The International Monetary Fund decided to keep Kristalina Georgieva as its managing director despite accusations she influenced a report to favor China while at the World Bank.
The IMF Executive Board held a meeting Monday to review allegations that Georgieva had pressured staff to help improve China’s rankings in the World Bank’s “Doing Business” rankings.
“Having looked at all the evidence presented, the Executive Board reaffirms its full confidence in the Managing Director’s leadership and ability to continue to effectively carry out her duties,” the IMF said in a statement following its review.
The fund said information presented during the review “did not conclusively demonstrate that the Managing Director played an improper role.”
Separately, Treasury Secretary Janet Yellen said in a statement that without “further direct evidence with regard to the role of the Managing Director there is not a basis for a change in IMF leadership.”
Georgieva has been the IMF’s boss since Oct. 2019.
Prior to that, she worked as chief of the World Bank since 2017. It was in this capacity that a report, conducted by law firm WilmerHale and requested by the bank’s ethics committee, said she influenced the outcome of some major research to make China look better.
WilmerHale said in September, that during her time at the World Bank, “Georgieva became directly involved in efforts to improve China’s ranking [in the Doing Business Report].”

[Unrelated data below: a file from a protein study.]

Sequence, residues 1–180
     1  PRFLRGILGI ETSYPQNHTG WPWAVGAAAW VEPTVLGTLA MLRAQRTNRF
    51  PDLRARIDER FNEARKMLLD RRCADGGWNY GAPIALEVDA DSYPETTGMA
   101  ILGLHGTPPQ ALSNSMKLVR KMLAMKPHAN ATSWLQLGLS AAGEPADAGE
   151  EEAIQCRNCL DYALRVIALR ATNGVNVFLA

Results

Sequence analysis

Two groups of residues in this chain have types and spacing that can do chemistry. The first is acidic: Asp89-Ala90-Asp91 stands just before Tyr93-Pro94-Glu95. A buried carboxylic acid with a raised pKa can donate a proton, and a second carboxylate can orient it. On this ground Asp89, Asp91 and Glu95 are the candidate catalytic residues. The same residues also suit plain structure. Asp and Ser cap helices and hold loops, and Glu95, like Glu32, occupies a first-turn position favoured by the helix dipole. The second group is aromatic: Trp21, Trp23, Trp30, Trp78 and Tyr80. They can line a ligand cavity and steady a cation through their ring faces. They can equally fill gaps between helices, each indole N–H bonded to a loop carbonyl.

The “Doing Business” report is a flagship piece of annual research at the World Bank that assesses how friendly a nation is for business activity.
In the 2018 report, China was initially ranked 85, but after influence from within the leadership team and interventions from Beijing; the country ended up in 78th place, according to the WilmerHale assessment.
In a statement on Sept. 16, Georgieva said: “I disagree fundamentally with the findings and interpretations [of the WilmerHale report].”
Countries such as France, Germany, Italy and the U.K. reportedly backed Georgieva to remain as leader of the IMF. However, some officials in the United States were a bit more skeptical.
In her Monday statement, Yellen said the WilmerHale report raised “legitimate issues and concerns.”
“The U.S. believes proactive steps must be taken to reinforce data integrity and credibility at the IMF,” read the statement.
The World Bank said last month that it has decided to discontinue the “Doing Business” report.
The bank said the decision came after the WilmerHale report and its internal audit reports “raised ethical matters, including the conduct of former Board officials as well as current and/or former Bank staff.”